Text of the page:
1. Retirement is “Too Early”:
State Police can retire at 50, teachers 54 and others at 55. Compare this with Social Security full retirement at 66. A person retiring at 50 will, on average, spend more time retired that he did working. That is very expensive proposition.

2. Pensions are “Too High”:
From a maximum of 75% of salary for teachers to 80% for State Police and University employees to 85% for legislators to 75% plus Social Security for state employees plus 3%/yr. COLA, pensions are very expensive to finance. When combined with early retirement, costs are off the charts.

3. Salaries are “Too High”:
Since pensions are percentages of salaries and are without any upper limit, high salaries lead to high pensions. State police earning $175,000, Phys Ed teachers $203,000 and school superintendents $368,000 have led to 5,400 state pensions in excess of $100,000/yr. growing at 25%/yr. This projects to 25,000 pensions over $100K by 2020.

4. Contributions are “Too low”:
About 99% of state employees pay less into their retirement system than we do into SS and 401K and they pay for fewer years since they retire earlier than we do. But they retire up to 16 years earlier (age 50 for troopers, age 66 for full Social Security) on much higher pensions so therefore they should be contributing much more than the private sector not less. Because they are not paying their fair share the extra cost must be picked up by the taxpayers of IL.

 

 

Illinois pension and retiree health care costs are creating an economic dead-end.

The Census Bureau just reported that Chicago now has its lowest population in the last 100 years. Mayor Daley says the new pension requirements for Chicago pensions will raise property taxes by 60% (Bloomberg Dec 21, 2010). Do you think raising property taxes by 60% will lead to more people moving to Chicago or moving from Chicago? Moving from Chicago of course.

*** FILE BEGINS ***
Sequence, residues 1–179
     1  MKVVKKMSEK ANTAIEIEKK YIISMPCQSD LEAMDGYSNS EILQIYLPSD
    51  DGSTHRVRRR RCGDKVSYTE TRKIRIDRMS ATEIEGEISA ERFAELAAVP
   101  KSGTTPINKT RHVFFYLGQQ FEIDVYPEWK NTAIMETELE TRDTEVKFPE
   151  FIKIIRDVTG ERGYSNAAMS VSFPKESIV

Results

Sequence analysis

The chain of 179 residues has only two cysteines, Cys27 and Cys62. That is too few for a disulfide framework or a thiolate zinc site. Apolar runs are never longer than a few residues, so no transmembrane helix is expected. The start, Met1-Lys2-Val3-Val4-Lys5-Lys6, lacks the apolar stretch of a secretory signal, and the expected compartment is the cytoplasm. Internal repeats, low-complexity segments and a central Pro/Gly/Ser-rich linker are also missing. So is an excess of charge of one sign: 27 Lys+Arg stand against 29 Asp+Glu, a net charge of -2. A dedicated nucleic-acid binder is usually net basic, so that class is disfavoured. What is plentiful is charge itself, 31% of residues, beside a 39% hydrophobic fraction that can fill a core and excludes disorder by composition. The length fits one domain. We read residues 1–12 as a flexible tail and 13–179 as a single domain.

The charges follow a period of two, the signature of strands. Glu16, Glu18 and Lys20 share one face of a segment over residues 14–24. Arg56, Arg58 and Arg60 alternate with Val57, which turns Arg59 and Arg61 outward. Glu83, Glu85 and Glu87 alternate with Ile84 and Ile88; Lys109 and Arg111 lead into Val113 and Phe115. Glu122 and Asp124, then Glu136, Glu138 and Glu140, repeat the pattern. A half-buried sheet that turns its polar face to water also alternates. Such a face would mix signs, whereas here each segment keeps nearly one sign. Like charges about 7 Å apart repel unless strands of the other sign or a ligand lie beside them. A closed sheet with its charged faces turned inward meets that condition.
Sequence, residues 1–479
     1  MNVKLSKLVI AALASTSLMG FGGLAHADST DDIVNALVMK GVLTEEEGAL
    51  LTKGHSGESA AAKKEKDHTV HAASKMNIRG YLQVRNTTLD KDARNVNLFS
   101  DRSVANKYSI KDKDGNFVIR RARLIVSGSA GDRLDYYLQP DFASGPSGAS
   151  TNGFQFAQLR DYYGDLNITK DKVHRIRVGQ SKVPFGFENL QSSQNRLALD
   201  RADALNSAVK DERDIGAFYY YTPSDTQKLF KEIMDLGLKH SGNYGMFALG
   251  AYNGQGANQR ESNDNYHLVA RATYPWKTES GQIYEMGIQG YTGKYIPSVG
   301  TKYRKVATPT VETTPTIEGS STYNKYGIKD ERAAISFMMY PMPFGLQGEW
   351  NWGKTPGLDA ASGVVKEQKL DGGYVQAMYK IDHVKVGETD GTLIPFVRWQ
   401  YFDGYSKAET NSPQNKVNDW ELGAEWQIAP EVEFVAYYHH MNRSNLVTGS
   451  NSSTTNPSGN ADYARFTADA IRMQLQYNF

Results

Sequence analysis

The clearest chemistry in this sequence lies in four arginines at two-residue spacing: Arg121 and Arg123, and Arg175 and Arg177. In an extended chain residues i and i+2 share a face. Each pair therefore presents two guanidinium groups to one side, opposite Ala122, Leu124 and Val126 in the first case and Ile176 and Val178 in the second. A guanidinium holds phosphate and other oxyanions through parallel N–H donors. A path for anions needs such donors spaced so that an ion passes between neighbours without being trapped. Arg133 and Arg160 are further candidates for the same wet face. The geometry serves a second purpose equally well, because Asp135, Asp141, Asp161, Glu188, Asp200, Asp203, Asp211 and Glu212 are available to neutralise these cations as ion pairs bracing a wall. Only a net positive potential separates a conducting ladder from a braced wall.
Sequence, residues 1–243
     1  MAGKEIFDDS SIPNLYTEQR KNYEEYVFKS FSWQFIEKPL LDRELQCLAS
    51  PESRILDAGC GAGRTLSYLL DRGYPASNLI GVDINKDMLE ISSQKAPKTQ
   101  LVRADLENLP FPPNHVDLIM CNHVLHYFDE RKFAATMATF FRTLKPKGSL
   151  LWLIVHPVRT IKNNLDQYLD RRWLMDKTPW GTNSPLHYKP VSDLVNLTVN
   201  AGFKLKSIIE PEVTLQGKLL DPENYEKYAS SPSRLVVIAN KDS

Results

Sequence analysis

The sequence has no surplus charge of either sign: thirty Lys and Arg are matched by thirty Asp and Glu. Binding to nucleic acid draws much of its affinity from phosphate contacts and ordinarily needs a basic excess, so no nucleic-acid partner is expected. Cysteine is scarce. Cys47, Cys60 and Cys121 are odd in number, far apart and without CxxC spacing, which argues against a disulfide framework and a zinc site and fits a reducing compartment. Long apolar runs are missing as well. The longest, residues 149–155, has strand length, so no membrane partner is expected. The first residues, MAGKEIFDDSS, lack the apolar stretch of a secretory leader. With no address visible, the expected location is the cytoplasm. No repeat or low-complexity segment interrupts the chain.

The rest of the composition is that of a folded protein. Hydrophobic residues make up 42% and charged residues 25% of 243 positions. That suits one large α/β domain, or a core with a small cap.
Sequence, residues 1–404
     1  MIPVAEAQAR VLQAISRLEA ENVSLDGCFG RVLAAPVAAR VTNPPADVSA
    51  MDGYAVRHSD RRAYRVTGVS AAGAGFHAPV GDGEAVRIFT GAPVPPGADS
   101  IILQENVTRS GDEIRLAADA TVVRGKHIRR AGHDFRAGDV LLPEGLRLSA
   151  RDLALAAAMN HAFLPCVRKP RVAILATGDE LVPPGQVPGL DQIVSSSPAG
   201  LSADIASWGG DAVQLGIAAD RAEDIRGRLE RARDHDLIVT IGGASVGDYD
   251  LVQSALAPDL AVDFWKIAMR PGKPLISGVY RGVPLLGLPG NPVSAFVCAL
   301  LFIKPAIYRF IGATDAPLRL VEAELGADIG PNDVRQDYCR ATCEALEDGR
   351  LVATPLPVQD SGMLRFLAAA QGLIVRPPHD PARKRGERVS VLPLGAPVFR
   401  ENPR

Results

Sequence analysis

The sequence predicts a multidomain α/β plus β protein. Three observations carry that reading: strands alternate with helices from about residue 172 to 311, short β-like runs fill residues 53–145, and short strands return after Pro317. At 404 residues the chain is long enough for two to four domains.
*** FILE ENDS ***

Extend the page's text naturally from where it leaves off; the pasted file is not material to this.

Use the same logic for the state. Will potential new employers look at Illinois and see $1 trillion in pension and health care benefits owed to retired public employees over the next 35 years as a reason to relocate here or as a reason to relocate to Indiana, Wisconsin or Ohio? Anybody with common sense would choose someplace other than Illinois to relocate.

 

Do you think these numbers oriented businessmen will notice that this years $6.8 billion tax increase exactly matches this year’s pension cost ($6.2 billion) and retiree health care cost ($600 million)? Yes, I think they will notice.

 

Will the pension supporters’ whining that pensions are “owed” or “promised” have any effect on these decisions? Yes, it will have a negative effect.

 

If Illinois wants to avoid becoming a Michigan and Chicago a Detroit then comprehensive, meaningful pension reform needs to be completed soon. Decisions to come to Illinois or leave Illinois are being made every day.

 

Every day we avoid making tough pension cost decisions more taxpayers leave Illinois. Who is going to pay the pensions when all the taxpayers have left?